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MOCKINGBIRD won the National Book Award for many reasons. Here are two: it is a stunning rendition of a child Asperger's symdrome's perspective, and it is a powerful portrait of bravery in the face of the most daunting grief. Grab a hankie and be ready to gulp this in one sitting. FOR ADULTS AS WELL AS YOUNG READERS.
Summer 2010 Kids' Next List
“Mockingbird tells of Caitlin, an 11-year-old girl living with Asperger's syndrome. Erskine offers a remarkable window into the world of an autistic child. Readers will gain both understanding and empathy. We think of heroes as those who save the lives of others. Often, real heroes simply live out their own lives. This is a memorable and moving book.”
— Christopher Rose, Andover Bookstore, Andover, MA
THE NATIONAL BOOK AWARD WINNER and ONE OF THE MOST IMPORTANT NOVELS OF OUR TIME FOR YOUNG READERS
Caitlin has Asperger's. The world according to her is black and white; anything in between is confusing. Before, when things got confusing, Caitlin went to her older brother, Devon, for help. But Devon was killed in a school shooting, and Caitlin's dad is so distraught that he is just not helpful. Caitlin wants everything to go back to the way things were, but she doesn't know how to do that. Then she comes across the word closure--and she realizes this is what she needs. And in her search for it, Caitlin discovers that the world may not be so black and white after all.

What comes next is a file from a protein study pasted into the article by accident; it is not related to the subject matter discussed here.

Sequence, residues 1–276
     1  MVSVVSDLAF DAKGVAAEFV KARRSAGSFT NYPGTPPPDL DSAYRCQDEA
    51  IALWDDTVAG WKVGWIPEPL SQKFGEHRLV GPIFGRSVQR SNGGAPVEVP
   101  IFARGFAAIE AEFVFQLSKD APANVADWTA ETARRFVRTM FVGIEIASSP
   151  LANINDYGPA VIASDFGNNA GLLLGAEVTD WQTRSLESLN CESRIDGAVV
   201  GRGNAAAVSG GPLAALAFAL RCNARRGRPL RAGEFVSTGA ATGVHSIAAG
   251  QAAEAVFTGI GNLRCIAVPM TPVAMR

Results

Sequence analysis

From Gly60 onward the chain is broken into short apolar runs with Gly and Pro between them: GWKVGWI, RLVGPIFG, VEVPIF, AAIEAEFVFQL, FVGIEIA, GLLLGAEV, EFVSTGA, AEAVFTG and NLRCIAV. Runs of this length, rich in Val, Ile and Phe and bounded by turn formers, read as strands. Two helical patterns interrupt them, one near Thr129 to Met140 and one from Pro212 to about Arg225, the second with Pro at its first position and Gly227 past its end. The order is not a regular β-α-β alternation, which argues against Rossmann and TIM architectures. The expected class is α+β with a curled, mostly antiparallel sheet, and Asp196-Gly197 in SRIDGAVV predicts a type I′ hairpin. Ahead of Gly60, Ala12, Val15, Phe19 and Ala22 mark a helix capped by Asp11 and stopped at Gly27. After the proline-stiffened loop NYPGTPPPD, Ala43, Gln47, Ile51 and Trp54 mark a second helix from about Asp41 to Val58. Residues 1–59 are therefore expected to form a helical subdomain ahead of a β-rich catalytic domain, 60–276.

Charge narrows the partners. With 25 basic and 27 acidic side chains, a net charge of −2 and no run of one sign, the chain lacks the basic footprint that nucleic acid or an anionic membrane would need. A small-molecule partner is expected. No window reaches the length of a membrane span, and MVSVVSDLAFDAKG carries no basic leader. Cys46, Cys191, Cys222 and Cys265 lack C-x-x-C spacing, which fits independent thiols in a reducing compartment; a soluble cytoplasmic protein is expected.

"A strong and complex character study."--The Horn Book
"Allusions to Harper Lee's To Kill a Mockingbird, the portrayal of a whole community's healing process, and the sharp insights into Caitlyn's behavior enhance this fine addition to the recent group of books with narrators with autism and Asbergers."--Booklist
About the Author
Kathryn Erskine spent many years as a lawyer before realizing that she’d rather write things that people might actually enjoy reading. She grew up mostly overseas and attended eight different schools, her favorite being the Hogwarts-type castle in Scotland. The faculty, of course, did not consist of wizards, although . . . how did the headmistress know that it was “the wee redhead” who led the campaign to free the mice from the biology lab? Erskine draws on her childhood—and her second childhood through her children—for her stories. She still loves to travel but nowadays most trips tend to be local, such as basketball and tennis courts, occasional emergency room visits, and the natural food store for very healthy organic chocolate with “life saving” flavonoids.
"A valuable book." -School Library Journal
"A strong and complex character study." -The Horn Book